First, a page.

Commercial Drones PilotsStealth UAV May Serve Cargo Role in Indo-Pacific

November 1, 2021by helo-10

A stealth unmanned aircraft under development as an inexpensive expendable tactical vehicle may find a use as a supply drone serving the vast Indo-Pacific region. Researchers at the U.S. Air Force’s Air University are exploring this alternative use for the XQ-58A Valkyrie, which is part of the service’s Low-Cost Attritable Aircraft Technology program to develop expendable vehicles that can be deployed in high-risk environments.

Built by Kratos Security, the 30-foot-long Valkyrie can fly extreme ranges at high speeds with great maneuverability. And instead of lethal weapons in its bomb bay or sensors for intelligence, surveillance and reconnaissance, the XQ-58A can carry and accurately deliver 600 pounds of cargo independent of a runway. The drone’s maximum range of 3,000 nautical miles would allow the Air Force to deliver, at a lower cost, crucial parts and supplies to far-flung locations, especially across the Indo-Pacific Command (INDOPACOM), reports Master Sgt. Conor‌  Gray, USAF, Faculty Development, Air Force Senior Noncommissioned Officer Academy, Maxwell-Gunther Air Force Base, Alabama.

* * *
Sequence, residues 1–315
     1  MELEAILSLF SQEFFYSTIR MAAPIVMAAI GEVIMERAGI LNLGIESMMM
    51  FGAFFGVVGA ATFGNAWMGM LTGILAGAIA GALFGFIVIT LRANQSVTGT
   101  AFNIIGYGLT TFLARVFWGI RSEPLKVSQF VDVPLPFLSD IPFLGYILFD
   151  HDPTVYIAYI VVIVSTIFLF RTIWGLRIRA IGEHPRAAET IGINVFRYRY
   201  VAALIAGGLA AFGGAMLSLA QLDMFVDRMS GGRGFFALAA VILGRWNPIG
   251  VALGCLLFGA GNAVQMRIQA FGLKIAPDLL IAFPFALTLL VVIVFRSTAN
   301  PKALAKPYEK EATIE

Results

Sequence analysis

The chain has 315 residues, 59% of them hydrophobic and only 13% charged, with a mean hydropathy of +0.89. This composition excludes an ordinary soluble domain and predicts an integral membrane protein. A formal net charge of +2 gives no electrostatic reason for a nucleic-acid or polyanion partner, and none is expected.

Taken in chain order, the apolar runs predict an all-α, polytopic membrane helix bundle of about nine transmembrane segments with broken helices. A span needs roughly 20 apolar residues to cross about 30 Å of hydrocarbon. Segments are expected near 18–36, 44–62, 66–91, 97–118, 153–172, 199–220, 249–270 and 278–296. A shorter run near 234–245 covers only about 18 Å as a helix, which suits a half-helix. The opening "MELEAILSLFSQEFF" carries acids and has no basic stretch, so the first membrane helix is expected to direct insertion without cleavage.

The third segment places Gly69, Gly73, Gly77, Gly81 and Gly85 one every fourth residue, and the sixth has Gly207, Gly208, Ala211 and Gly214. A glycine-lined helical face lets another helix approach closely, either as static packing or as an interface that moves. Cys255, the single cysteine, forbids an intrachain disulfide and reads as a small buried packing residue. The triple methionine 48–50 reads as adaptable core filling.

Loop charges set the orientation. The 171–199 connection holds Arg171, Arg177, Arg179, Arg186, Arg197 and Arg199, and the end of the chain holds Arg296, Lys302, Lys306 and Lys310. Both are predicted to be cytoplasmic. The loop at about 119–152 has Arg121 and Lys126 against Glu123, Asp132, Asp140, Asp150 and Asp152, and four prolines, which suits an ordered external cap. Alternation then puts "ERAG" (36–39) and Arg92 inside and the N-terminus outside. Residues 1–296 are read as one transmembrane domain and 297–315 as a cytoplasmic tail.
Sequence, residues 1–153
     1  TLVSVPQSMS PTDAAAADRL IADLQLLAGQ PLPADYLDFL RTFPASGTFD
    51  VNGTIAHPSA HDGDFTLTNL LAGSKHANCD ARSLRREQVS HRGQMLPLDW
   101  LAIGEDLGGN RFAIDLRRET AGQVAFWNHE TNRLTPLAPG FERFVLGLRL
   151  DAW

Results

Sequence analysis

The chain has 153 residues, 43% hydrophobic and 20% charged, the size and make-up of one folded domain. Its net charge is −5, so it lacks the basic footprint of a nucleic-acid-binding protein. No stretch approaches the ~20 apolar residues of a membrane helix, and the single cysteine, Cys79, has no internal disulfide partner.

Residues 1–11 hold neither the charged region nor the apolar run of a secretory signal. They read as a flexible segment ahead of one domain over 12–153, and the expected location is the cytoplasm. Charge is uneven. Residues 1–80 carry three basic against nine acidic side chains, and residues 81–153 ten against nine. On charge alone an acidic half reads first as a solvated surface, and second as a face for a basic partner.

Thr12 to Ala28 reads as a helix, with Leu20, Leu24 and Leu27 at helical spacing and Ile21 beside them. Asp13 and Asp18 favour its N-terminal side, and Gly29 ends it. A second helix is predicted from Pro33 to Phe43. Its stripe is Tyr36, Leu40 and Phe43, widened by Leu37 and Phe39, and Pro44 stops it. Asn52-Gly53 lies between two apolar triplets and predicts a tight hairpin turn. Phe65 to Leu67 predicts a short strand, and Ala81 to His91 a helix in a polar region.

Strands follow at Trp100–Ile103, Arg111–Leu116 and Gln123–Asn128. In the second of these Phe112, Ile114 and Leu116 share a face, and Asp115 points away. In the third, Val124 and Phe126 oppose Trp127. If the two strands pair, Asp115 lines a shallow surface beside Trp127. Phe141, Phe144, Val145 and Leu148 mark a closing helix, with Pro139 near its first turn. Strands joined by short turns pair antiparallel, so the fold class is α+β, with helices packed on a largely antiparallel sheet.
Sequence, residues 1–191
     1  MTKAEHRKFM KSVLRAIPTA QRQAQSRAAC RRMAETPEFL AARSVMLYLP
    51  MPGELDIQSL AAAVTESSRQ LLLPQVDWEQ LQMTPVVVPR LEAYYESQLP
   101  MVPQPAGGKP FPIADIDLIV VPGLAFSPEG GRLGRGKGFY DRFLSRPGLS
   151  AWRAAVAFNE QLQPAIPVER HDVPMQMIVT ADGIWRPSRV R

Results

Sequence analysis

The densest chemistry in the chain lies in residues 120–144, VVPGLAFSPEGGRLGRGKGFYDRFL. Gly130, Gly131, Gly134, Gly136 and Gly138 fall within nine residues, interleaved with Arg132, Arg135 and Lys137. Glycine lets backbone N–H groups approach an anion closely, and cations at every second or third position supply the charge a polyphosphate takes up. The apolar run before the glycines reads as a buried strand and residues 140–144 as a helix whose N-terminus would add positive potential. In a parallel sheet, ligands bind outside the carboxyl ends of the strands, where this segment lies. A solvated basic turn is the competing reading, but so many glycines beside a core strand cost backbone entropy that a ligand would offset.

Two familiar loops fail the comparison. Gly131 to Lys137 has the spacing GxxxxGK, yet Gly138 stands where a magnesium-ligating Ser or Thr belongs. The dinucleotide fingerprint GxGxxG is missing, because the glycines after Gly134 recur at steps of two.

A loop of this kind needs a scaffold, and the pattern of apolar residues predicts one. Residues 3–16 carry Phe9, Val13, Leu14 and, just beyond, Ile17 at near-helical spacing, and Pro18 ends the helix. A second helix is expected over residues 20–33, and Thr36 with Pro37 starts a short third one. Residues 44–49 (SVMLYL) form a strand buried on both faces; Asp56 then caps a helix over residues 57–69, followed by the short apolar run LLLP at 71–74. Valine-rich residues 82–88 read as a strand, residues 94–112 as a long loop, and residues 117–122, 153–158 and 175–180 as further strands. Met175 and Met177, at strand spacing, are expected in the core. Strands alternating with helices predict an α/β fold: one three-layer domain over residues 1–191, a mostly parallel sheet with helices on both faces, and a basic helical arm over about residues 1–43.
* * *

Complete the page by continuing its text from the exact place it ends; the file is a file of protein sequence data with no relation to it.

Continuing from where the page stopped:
“Our adversaries in this region have the industry might this time,” Sgt. Gray  says. “We are in their backyard, and they have the advantage there, not us. They don’t have the tyranny of distance like we do. We have serious problems on our hands when it comes to logistics.”  

The Valkyrie designated for logistics could be a key component of the Air Force’s pursuit of agile combat employment, or ACE, Sgt.  Gray  emphasizes. “When we talk about agile combat employment, they are the agile bases that are ‘invisible’ and keep moving around,” he states. “But if you can’t deliver those small logistical things, ACE is just not going to work very well.”